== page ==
Advanced Energy Research and Technology Center, Stony Brook, NY
LEED NC 2.2 Platinum 

Architect:  Flad Architects
LEED Construction Consultant:  Peter Caradonna Architecture and Planning

Role
:  Reviewed all LEED submittals and observed construction activities for LEED compliance for Construction Manager 

Summary:

The Energy Research Center building is the flagship facility for the newly created Advanced Energy Research and Technology Center (AERTC) and is the second building to be built at the Stony Brook University Research and Development Campus. The center will forge partnerships between universities, industry and national laboratories to develop reliable, economical and plentiful sources of energy. Leveraging existing capabilities and partnerships, the energy center actively promotes clean and economical energy strategies through research, technical applications and community outreach.  The facility will concentrates these efforts on five scientific focus areas: (1) Renewable Energy, (2) Hydrogen Energy, (3) Fuel Cells, (4) Conventional Fuels, and (5) Energy Conservation.

The organizing idea for the facility is to provide a variety of open flexible laboratories that can be customized to meet specific technical requirements and made available to industry and research communities to perform highly specialized research focused on advanced energy issues. Core Laboratory Facilities will be provided to support these research efforts.

As a response to the sustainable design guidelines set for the project, the site design initiatives are to limit the extents of project disturbance, minimize grading and hardscape, and provide sustainable techniques of storm water management. Site amenities within the project include: naturalized landforms on the south side of the site development, a small outdoor entry plaza near the front door, rain gardens for storm water infiltration and public education, and a small employee patio on the north side of the facility.  To minimize maintenance required for lawn care, lawn plantings of a short stature, low maintenance native wildflower meadows are proposed.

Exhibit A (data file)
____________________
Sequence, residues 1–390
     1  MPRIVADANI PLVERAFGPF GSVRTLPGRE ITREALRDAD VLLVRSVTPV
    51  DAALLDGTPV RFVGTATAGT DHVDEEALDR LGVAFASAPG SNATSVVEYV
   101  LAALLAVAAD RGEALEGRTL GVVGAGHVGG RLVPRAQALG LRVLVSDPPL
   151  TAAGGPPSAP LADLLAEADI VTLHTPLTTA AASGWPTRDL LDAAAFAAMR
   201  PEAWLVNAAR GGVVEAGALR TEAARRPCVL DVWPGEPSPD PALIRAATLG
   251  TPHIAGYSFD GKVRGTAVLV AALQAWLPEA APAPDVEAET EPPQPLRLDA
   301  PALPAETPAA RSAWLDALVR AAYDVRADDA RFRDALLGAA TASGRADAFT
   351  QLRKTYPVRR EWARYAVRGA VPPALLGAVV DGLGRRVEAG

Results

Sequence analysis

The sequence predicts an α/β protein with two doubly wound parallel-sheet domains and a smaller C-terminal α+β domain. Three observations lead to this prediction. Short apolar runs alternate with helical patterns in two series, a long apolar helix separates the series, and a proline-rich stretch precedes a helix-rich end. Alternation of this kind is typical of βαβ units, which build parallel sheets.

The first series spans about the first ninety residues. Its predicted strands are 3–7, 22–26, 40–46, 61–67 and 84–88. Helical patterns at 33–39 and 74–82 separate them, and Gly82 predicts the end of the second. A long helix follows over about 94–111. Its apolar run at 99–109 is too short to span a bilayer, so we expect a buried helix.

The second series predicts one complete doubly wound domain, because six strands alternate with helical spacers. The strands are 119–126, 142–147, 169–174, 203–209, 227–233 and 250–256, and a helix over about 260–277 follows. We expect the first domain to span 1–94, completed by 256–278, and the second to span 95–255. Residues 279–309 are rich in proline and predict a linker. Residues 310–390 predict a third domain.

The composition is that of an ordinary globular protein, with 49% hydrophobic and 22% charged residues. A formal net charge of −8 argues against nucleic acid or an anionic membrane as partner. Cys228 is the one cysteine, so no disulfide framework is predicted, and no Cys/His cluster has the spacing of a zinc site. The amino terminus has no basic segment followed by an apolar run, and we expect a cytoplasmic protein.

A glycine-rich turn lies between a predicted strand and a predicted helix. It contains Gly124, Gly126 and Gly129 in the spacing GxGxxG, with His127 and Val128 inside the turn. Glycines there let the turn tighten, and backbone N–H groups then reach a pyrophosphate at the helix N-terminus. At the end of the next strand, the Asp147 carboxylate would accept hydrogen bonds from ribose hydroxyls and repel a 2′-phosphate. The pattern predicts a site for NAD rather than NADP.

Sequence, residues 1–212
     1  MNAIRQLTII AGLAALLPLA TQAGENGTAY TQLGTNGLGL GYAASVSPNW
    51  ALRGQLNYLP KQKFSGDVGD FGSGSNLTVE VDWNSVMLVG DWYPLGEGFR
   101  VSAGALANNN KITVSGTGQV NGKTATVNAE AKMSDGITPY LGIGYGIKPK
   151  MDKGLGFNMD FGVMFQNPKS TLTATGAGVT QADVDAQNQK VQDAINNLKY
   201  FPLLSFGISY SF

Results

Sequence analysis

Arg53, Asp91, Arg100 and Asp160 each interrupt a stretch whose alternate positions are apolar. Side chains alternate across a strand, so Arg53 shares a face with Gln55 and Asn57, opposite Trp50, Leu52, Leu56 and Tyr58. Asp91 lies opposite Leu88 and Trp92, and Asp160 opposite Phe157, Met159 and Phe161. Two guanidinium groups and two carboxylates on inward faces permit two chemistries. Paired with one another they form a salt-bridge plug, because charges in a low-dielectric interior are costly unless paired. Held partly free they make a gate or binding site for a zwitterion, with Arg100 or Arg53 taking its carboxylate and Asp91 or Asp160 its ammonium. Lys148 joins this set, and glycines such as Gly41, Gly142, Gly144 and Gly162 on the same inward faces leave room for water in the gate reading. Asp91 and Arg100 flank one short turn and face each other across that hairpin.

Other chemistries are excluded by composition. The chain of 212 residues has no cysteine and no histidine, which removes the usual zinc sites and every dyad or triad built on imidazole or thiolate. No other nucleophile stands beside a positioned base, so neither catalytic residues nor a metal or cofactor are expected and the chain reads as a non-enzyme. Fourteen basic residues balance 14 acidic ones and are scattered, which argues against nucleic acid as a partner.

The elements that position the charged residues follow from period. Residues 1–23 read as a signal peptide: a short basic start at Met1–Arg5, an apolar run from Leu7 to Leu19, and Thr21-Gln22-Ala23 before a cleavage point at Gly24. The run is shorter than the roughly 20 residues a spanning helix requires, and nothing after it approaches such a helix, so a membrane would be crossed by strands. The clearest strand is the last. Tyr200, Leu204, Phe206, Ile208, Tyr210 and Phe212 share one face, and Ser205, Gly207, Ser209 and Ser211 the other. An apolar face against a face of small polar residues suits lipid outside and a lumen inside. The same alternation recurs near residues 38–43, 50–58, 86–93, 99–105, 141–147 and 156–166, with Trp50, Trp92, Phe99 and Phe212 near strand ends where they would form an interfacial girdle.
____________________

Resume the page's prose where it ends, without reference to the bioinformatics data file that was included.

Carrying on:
The design solution for the AERTC is a direct response to its scientific mission and functional requirements. As part of a Greenfield sustainable minded research and development park, the AERTC architectural layout is comprised of three formal responses.  These include the head or “front door” of the structure is comprised of the office block and majority of the “public” support spaces.  As the center of human activity within the building, fostering first impressions to many guests, it is comprised of an open atrium like spaces surrounded by offices of lead research scientist, their assistants, and the AERTC director. Maximizing visual transparency of these spaces, as well as views to the outdoors, will promote a welcoming impression to outsiders and guests, while promoting and affording opportunities for interaction and collaboration among users in many of the building support areas. Finally this area has a roof form which demonstrates rain water collection being used within the facility, as well as solar attenuation to the south and east, two of many illustrated and engineered sustainable design attributes incorporated into the architecture of the AERTC.